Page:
Enniskillen Township Mayor Kevin Marriott says he knew getting a moratorium on new wind farms in Ontario was a long-shot when he hand-delivered his request to the Premier Kathleen Wynne.
It was in a letter he gave her when they met up Monday at the Grain Farmers of Ontario March Classic conference in London.
A past-director on the board of the grain farmers commodity group, Marriott was serving as a master of ceremonies at the conference Wynne had agreed to attend.
The opportunity to speak directly to Wynne came along as wind company agents have been knocking on doors in Enniskillen and looking for landowners willing to lease land for wind farms.
“I put some thought into it last weekend when I knew I might have the chance to talk her and give her a letter,” Marriott said.
It says wind energy development is dividing rural communities. It also ties turbines to high electricity prices the mayor says hurt Ontario’s manufacturers and jobs.
Along with asking for a moratorium on new wind projects, while federal health officials study its impact on human health, Marriott’s letter urges Wynn to meet with rural leaders.
He said the premier appeared open and willing to consider the request when he spoke to her Monday, but he added, “She stopped short of promising anything.”
Later in the week, Wynne’s office released a copy of her reply that says she appreciated hearing Marriott’s views. It didn’t mention his request for a moratorium, or a meeting.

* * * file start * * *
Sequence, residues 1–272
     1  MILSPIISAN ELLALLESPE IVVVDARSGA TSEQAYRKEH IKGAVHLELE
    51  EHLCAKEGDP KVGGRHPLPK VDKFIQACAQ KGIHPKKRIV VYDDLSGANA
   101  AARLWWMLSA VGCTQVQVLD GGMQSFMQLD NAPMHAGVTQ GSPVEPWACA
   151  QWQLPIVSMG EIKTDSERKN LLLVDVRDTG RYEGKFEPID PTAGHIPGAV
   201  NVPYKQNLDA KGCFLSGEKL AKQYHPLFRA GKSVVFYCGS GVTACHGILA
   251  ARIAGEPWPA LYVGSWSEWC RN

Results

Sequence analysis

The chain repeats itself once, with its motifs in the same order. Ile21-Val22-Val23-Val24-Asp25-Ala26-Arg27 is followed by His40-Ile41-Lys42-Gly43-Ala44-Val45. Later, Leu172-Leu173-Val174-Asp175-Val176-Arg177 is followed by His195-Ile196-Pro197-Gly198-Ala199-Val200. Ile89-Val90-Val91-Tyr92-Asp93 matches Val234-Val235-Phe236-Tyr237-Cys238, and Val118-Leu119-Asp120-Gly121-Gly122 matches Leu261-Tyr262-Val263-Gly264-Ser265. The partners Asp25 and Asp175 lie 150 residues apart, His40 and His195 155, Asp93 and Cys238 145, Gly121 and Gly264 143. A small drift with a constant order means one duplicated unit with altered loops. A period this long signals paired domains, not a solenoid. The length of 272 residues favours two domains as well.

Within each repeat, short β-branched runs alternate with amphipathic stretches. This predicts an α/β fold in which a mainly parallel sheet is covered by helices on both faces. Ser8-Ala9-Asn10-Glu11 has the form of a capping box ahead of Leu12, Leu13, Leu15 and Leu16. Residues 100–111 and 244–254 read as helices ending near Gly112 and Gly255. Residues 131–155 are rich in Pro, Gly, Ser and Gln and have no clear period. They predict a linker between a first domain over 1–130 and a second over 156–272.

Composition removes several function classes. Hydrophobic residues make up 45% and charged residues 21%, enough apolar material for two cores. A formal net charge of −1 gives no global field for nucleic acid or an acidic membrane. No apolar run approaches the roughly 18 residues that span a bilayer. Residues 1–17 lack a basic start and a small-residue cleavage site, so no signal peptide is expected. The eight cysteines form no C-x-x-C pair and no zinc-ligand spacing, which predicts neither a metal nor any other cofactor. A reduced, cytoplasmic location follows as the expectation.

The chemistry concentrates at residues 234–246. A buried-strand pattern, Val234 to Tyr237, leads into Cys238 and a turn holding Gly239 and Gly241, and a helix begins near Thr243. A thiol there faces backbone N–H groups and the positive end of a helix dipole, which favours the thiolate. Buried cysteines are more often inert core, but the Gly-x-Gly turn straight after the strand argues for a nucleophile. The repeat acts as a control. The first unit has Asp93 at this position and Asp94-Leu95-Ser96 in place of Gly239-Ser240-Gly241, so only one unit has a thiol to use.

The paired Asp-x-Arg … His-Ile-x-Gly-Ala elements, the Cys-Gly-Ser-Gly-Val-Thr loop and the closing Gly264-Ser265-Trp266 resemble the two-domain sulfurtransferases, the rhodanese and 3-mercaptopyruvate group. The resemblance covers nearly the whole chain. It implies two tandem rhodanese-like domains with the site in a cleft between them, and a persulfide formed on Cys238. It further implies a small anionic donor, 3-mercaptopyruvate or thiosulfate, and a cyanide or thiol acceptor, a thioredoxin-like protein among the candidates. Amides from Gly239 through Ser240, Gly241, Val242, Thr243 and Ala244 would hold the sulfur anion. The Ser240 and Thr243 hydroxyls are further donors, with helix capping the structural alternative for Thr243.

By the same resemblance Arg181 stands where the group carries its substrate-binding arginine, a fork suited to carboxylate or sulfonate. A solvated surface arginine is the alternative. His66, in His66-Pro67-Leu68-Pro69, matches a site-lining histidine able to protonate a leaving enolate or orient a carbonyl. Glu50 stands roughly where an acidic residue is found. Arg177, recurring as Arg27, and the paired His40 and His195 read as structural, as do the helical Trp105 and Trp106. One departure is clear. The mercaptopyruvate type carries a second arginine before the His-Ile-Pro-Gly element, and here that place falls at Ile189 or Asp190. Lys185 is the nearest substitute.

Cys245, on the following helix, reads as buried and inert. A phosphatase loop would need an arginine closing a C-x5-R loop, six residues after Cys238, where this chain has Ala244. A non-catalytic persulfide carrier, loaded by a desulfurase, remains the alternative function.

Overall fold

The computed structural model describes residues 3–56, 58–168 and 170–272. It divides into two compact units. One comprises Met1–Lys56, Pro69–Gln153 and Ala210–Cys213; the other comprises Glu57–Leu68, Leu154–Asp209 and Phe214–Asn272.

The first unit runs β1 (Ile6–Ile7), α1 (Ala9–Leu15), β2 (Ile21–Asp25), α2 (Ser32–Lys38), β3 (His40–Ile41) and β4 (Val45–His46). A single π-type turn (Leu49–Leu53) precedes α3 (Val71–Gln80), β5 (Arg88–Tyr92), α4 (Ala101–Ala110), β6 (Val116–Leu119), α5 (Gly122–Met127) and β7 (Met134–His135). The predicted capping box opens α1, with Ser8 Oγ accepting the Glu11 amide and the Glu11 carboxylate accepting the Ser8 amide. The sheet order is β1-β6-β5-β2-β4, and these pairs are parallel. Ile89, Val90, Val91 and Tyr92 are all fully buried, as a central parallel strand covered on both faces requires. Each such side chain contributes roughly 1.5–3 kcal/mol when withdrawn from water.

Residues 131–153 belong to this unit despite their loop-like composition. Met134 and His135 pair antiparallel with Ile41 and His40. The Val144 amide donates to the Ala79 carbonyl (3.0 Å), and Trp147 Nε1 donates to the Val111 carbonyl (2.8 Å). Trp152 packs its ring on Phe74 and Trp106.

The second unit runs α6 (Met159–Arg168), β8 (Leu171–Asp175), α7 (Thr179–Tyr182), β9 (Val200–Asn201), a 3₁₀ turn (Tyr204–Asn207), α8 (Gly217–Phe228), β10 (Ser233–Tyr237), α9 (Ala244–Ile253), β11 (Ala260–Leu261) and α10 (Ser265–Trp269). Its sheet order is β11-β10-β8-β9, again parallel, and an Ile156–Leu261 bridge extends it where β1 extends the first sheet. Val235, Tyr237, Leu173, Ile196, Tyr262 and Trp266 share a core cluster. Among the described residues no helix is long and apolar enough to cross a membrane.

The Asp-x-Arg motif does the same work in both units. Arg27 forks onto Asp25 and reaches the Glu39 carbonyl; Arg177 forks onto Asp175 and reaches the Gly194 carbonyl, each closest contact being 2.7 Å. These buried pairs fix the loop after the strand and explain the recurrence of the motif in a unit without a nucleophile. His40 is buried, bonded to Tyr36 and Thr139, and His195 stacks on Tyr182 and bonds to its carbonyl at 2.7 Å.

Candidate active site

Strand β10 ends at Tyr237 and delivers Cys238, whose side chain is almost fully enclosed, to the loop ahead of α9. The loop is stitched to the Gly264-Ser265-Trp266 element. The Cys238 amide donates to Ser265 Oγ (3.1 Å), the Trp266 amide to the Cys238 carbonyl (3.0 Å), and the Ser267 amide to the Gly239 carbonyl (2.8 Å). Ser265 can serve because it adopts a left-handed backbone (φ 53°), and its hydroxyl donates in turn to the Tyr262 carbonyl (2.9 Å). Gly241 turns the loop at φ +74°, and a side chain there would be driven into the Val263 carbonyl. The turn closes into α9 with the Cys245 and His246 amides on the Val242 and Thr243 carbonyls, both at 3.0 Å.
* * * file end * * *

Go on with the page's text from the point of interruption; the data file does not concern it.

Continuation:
Wynne’s letter says Ontario has made progress in protecting its residents’ health, “while building a clean energy future,” but adds there’s more work to do.
It also says the province has already made changes to give more weight to proposed renewable energy projects that have municipal support.
“We have been clear that we need to increase local control with respect to clean energy projects,” her letter says.
Marriott said he wants to look into that more.
“Maybe, just maybe, there is a stiffer requirement now,” he said.
Wynne’s letter also defended the province’s current renewable energy approval process, and Ontario’s 550-metre minimum setback for wind turbines.
“I honestly thought that was a bit of a long-shot,” Marriott said about the moratorium he asked for.
“I thought if she is really worried about support in rural Ontario, maybe she would listen to that.”
While he didn’t get what he asked for, Marriott said he’s not disappointed with what he saw and heard while talking with the premier.
“I really felt like she listened,” he said, adding that was a change from his past conversations with premiers and cabinet ministers.
“When we talk to ministers, as councils, you feel like you’re talking to the wall.”
Marriott’s letter says that while there may be support for wind energy in Ontario’s cities, it’s different in rural communities like Enniskillen.
“I have not seen an issue that threatens the spirit of communities as does this issue,” it says.
Marriott said he thinks more rural municipalities should deliver that message to the new premier.
It’s like planting seeds, he explained.
“If they hear it a few times, maybe they’ll start to care.”
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